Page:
• Only alkyl halides can be used (F, Cl, I, Br)
• Aryl halides and vinylic halides do not react (their
  carbocations are too hard to form)
• Will not work with rings containing an amino group
  substituent or a strongly electron-withdrawing group

Fall, 2009                                               54
• Multiple alkylations occur because the first alkyl
    group activates the ring

Fall, 2009                                             55
• Carbocation Rearrangements During Alkylation
• Similar to those that occur during electrophilic additions to alkenes
• Can involve H or alkyl shifts

Fall, 2009                                                                56
Related Reactions

• Chloromethylation

                      H       H     Cl

                  ZnCl2/HCl/60 oC

Fall, 2009                               57
Related Reaction
• Acylation of Aromatic Rings
• Reaction of an acid chloride (RCOCl) with an aromatic ring in the
  presence of AlCl3 introduces the acyl group,
• COR
• Benzene with acetyl chloride yields acetophenone
• Acyl group deactivates ring
• Reaction stops after one group is added

Fall, 2009                                                            58
Biological Alkylations
•   Common reaction
•   No AlCl3 present
•   Utilizes an organodiphosphate
•   Dissociation is facilitated by Mg+2
•   Important reaction in biosynthesis of Vitamin K1

                     O      O
                  R O P O P O      R+
                     O      O

Fall, 2009                                         59
Ring Substitution Effects
• Activation and deactivation of ring
     – Alkyl activates the ring
     – Acyl deactivates the ring
• Activating Groups
     – group promotes substitution faster than benzene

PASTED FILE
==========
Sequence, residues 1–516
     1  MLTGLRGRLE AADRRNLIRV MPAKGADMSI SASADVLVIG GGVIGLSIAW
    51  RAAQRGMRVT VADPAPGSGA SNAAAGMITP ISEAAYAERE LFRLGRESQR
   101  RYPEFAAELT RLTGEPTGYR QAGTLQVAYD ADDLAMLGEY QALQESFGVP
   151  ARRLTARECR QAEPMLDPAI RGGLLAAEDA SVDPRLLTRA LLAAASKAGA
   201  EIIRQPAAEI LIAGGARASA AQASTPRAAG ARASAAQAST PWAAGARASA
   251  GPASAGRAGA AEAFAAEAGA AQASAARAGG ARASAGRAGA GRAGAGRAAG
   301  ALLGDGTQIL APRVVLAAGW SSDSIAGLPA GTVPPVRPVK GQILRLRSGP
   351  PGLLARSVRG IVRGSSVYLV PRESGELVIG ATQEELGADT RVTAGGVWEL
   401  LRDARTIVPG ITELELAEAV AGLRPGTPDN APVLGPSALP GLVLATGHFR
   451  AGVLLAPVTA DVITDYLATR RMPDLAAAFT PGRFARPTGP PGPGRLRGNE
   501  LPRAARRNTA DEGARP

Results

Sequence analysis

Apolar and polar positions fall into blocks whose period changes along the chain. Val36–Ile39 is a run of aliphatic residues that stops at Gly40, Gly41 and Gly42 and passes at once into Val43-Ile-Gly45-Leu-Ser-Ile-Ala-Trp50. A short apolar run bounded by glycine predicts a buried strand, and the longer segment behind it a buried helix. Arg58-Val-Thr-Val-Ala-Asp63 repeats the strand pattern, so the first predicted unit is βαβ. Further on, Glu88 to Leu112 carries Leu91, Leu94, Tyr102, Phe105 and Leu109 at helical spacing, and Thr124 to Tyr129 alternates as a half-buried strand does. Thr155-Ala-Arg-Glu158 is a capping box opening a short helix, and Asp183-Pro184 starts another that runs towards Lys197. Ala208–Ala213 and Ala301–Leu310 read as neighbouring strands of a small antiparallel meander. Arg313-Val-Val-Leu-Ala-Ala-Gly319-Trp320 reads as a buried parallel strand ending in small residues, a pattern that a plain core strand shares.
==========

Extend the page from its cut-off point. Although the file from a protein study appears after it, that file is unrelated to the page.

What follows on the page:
• Deactivating Groups
     – group promotes substitution slower than benzene

Fall, 2009                                               60
Activating and Deactivating Groups

• Activating groups
     – electron donating groups
     – stabilizes the carbocation intermediate
     – activates through induction or resonance
• Deactivating groups
     – electron withdrawing groups
     – destabilizes the carbocation intermediate
     – deactivates through induction or resonance
Fall, 2009                                          61
Activating and Deactivating Groups

Fall, 2009                       62
Origins of Substituent Effects

• Inductive effect - withdrawal or donation of
    electrons through a s bond
•   Resonance effect - withdrawal or donation of
    electrons through a  bond due to the overlap of
    a p orbital on the substituent with a p orbital on
    the aromatic ring

Fall, 2009                                          63
Inductive Effects
• Controlled by electronegativity and the polarity
    of bonds in functional groups
•   Halogens, C=O, CN, and NO2 withdraw electrons
    through s bond connected to ring
•    Alkyl groups donate electrons through s bond

Fall, 2009                                           64
Resonance Effects: Electron Withdrawal

• C=O, CN, NO2 substituents withdraw electrons
    from the aromatic ring by resonance
•    electrons flow from the rings toward the

Fall, 2009                                       65
Resonance Effects: Electron Donation

• Halogen, OH, alkoxyl (OR), and amino
    substituents donate electrons through resonance
•     electrons flow from into the ring

Fall, 2009                                       66
Consider the following data
  Substituent                                Substituent   Substituent   Substituent
             reaction conditions                   E

Substituent     Conditions         % ortho        % meta     % para
Bromine         Br2/FeBr3          13             <0.1       87